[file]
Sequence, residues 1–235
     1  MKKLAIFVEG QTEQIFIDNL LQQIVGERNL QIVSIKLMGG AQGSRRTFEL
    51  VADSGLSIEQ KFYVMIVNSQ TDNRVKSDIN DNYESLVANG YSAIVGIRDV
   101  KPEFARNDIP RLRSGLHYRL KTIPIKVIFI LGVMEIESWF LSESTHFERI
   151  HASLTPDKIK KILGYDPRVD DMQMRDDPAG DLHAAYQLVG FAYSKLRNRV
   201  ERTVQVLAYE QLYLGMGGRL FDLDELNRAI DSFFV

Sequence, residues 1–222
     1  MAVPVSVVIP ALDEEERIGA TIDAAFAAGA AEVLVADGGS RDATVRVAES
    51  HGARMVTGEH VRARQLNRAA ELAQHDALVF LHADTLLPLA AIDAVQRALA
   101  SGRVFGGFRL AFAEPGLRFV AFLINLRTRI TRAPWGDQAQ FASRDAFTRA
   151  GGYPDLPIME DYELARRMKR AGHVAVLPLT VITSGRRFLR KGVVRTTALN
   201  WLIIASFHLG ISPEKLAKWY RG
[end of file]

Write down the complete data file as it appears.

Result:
Sequence, residues 1–235
     1  MKKLAIFVEG QTEQIFIDNL LQQIVGERNL QIVSIKLMGG AQGSRRTFEL
    51  VADSGLSIEQ KFYVMIVNSQ TDNRVKSDIN DNYESLVANG YSAIVGIRDV
   101  KPEFARNDIP RLRSGLHYRL KTIPIKVIFI LGVMEIESWF LSESTHFERI
   151  HASLTPDKIK KILGYDPRVD DMQMRDDPAG DLHAAYQLVG FAYSKLRNRV
   201  ERTVQVLAYE QLYLGMGGRL FDLDELNRAI DSFFV

Sequence, residues 1–222
     1  MAVPVSVVIP ALDEEERIGA TIDAAFAAGA AEVLVADGGS RDATVRVAES
    51  HGARMVTGEH VRARQLNRAA ELAQHDALVF LHADTLLPLA AIDAVQRALA
   101  SGRVFGGFRL AFAEPGLRFV AFLINLRTRI TRAPWGDQAQ FASRDAFTRA
   151  GGYPDLPIME DYELARRMKR AGHVAVLPLT VITSGRRFLR KGVVRTTALN
   201  WLIIASFHLG ISPEKLAKWY RG